Figure 26. Graph. Resistance rate at 69.8 °F (21 °C) versus time.

Conclusions

The controlling parameter for initiation of corrosion of steel embedded in concrete is the ratio of chloride ions to hydroxyl ions at the steel-concrete interface. In untreated concrete, the concentration of hydroxyl ions at the steel-concrete interface varied within a narrow range. Because measuring the concentration of the hydroxyl ion at the steel-concrete was difficult, if not impossible, the chloride ion concentration (required to reach the critical chloride/hydroxyl ion ratio at the normally occurring concentration of hydroxyl ions in concrete) was used as the threshold designator. In ECE treated concrete, the hydroxyl concentration at the steel-concrete interface was much higher, and the generally accepted threshold value of chloride ion concentration for corrosion initiation was not applicable.

During ECE treatment, chloride ions were extracted from the concrete, producing a concentration gradient of chloride ions with depth. Simultaneously, the hydroxyl ion concentration at the steel-concrete interface was increased. Typically, the chloride ion concentration at the steel-concrete interface is lowered to levels below the generally accepted threshold of untreated concrete and increases with distance from the rebars in all directions, especially toward the surface where the temporary anode was installed. If the concentration of chloride ions increased and/or the concentration of hydroxyl ions was reduced at the steel-concrete interface, the critical chloride/hydroxyl ion ratio would be exceeded. Thus, the effectiveness of ECE was dependent on remigration and/or ingress of chloride ions and concentration of hydroxyl ions generated during ECE and their dissipation.

Because it was difficult to measure the hydroxyl ion content at the steel-concrete interface, the chloride ion concentration and detection of corrosion on the reinforcing steel must be used to ascertain the effectiveness of ECE. The presence of ongoing corrosion was detected by visual observation of tell tale signs of ongoing corrosion, detection of corrosion induced damage by delamination survey, and measurement of macrocell current, driving volts, half-cell potentials, and corrosion rates.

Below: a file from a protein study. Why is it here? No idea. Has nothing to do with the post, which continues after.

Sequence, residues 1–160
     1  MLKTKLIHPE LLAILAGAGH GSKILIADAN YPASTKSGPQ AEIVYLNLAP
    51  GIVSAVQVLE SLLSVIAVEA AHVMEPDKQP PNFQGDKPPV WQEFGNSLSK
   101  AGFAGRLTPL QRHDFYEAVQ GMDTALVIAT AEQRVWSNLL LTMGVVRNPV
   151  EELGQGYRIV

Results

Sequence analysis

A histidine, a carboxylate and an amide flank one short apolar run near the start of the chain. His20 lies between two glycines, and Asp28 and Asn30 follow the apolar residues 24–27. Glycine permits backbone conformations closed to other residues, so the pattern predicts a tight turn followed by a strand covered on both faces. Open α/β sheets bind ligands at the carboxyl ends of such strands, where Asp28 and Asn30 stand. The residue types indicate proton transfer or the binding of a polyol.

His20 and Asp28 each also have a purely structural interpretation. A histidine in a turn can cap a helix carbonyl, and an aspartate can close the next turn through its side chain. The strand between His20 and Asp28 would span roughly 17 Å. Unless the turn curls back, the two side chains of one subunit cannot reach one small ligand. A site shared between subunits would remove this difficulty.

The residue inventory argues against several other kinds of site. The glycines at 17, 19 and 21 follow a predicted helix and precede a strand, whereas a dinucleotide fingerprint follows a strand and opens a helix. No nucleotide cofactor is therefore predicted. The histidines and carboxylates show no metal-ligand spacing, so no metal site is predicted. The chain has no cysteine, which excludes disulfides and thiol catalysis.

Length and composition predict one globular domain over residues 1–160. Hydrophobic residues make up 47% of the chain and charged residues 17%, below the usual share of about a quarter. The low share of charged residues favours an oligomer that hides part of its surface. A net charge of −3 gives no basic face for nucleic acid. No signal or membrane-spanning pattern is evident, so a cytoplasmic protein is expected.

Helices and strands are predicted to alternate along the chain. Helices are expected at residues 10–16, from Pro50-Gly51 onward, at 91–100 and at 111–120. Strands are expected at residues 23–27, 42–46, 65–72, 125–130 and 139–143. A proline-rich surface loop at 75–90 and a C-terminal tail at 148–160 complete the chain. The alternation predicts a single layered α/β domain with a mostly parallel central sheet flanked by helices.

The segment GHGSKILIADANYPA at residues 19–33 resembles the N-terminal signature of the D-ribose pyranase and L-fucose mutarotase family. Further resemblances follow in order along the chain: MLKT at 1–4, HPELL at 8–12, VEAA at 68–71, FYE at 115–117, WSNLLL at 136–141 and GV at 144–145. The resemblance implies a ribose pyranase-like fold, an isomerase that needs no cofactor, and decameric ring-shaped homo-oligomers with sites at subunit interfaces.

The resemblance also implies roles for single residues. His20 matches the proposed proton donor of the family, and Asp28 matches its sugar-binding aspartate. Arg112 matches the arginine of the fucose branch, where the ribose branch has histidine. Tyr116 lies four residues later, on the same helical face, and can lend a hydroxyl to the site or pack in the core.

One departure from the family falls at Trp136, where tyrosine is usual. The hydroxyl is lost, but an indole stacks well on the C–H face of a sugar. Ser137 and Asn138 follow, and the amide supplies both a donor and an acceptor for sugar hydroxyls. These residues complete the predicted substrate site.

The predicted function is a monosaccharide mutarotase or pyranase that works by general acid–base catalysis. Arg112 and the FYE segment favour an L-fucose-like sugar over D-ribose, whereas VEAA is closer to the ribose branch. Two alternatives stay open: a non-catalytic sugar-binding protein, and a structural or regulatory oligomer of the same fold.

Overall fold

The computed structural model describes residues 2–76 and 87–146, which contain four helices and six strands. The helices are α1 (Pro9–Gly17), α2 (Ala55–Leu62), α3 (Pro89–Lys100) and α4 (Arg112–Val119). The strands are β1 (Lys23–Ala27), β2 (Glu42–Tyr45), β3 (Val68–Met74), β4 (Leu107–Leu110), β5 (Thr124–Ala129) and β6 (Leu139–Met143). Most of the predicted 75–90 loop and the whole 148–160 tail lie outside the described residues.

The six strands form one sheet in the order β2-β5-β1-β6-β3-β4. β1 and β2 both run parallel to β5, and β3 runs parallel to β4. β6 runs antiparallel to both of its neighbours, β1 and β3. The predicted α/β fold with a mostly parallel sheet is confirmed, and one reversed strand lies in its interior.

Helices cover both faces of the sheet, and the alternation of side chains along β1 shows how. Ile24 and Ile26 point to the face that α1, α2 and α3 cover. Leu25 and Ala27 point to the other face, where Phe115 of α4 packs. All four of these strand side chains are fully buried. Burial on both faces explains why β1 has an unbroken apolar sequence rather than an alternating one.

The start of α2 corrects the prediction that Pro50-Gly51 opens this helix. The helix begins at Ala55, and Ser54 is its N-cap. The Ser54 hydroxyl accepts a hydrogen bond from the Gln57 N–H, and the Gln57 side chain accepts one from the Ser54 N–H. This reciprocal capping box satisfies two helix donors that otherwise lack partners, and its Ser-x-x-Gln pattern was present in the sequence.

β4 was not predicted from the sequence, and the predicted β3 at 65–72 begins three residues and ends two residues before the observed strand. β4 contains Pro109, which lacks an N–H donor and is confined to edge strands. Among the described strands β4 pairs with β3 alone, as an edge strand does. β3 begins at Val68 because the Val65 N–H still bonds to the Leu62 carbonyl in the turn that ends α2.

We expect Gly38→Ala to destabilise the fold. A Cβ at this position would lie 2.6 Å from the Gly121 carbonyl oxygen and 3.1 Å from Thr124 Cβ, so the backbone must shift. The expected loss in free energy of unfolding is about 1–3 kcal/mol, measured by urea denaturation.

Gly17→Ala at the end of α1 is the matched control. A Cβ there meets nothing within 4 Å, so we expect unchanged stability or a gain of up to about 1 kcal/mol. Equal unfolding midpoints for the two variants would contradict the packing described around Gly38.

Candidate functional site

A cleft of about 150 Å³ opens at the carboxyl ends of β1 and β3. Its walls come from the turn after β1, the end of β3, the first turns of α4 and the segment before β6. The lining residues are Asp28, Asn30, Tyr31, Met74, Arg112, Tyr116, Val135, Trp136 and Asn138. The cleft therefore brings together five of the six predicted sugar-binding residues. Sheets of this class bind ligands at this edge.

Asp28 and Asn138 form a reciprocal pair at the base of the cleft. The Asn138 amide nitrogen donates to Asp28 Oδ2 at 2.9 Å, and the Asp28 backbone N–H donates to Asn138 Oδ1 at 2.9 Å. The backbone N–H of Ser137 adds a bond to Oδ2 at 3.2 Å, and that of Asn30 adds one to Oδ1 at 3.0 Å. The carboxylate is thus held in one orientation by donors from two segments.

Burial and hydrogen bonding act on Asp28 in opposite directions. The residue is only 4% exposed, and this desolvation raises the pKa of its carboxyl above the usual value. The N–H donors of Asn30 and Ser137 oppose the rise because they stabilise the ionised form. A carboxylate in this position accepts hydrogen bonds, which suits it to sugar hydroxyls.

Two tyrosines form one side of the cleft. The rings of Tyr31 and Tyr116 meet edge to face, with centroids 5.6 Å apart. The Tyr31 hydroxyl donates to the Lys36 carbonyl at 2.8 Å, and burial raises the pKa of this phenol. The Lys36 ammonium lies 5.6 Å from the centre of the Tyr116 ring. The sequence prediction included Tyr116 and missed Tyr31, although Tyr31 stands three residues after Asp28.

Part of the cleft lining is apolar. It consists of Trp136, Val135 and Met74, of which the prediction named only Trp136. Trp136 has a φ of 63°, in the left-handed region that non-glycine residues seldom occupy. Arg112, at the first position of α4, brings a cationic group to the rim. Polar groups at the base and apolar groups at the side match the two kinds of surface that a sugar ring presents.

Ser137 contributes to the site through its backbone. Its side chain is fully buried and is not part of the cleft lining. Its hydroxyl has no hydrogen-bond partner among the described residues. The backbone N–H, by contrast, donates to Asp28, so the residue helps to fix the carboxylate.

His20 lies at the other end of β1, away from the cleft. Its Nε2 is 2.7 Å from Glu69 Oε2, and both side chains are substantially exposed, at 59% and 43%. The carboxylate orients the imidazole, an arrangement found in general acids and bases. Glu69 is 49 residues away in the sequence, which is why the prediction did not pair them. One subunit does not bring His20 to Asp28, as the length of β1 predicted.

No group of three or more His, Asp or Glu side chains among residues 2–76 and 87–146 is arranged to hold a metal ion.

The chloride data for the ECE slabs indicated that the change in chloride ion concentration at the steel-concrete interface over 10.25 years was minimal (see figure 3). The difference in concentration of chloride ions between slabs 3 and 4 and the remaining slabs was attributed to the lower level of treatment (charge passed) for these two slabs. Figure 2 suggests that some remigration of chloride ions occurred in the third lift of concrete, although it was small in comparison to the control slab. At the end of the study, the concentration of chloride ions in all ECE slabs (except slabs 3 and 4) in the second and third lifts of concrete was uniform, and a sufficient gradient did not exist for significant further diffusion to occur. It should be noted that data in figure 1 and figure 2 came from only one core per slab which did not account for variations from one location to another in a slab. Although the data are limited, they are definite with explainable and expected trends.

A visual and delamination survey differentiated the control slab from the ECE slabs. The control slab suffered significant corrosion-induced damage, and the increase in damage was supported by macrocell, driving volt, half-cell, and corrosion rate data.

Although, cracking was observed on the sides of almost all slabs, it was not necessarily a reflection on the effectiveness of the ECE treatment. It was concluded that corrosion of the rebar at the concrete-air interface was not chloride induced. Instead, it was induced by exposure of the rebar to the environment due to weathering of the epoxy coating. This resulted in the formation of cracks at and near protruding rebars on the sides of the slab. Also, rebar ends exposed in core holes that were epoxy coated corroded and caused some cracking inside them.

Among ECE slabs, slabs 3 and 4 exhibited the highest level of cracking on the top surface. The macrocell, driving volt, and half-cell data indicated that corrosion activity was initiated in these slabs. If the cracking on the sides of slabs was eliminated from the analysis, only a few hairline cracks and rust stains were observed on the top surface of the ECE slabs. Evaluation of the origin of the rust stains on the surface of the ECE slabs indicated that they were not associated with corrosion of the embedded reinforcing steel. The pattern of distribution and the shallow penetration of the stains suggested that they were generated by corrosion of steel filings embedded in small cracks in the surface. The steel filings were produced during the extraction of steel in many of the cores.

The following conclusions were made:

References

  1. Bennett, J., Fong, K.F., and Schue, T.J. (1993). Electrochemical Chloride Removal and Protection of Concrete Bridge Components: Laboratory Studies, SHRP-S-657, Strategic Highway Research Program, Washington, DC.
  2. Clear, C. (1993). Post SHRP Monitoring of Chloride Removal Slabs, Letter Report, TMB Associates, Boston, VA.
  3. Virmani, Y.P., Clear, K.C., and Pasko, T.J. (1983). Time-to-Corrosion of Reinforcing Steel Vol. 5: Calcium Nitrite Admixture or Epoxy Coated Reinforcing Bars as Corrosion Protection Systems, Report No. FHWA-RD-83-012, Federal Highway Administration, Washington, DC.
  4. ASTM C-876-91. (1991). “Standard Test Method for Half-Cell Potentials of Uncoated Reinforcing Steel in Concrete,” Annual Book of ASTM Standards, American Society for Testing and Materials, Philadelphia, PA.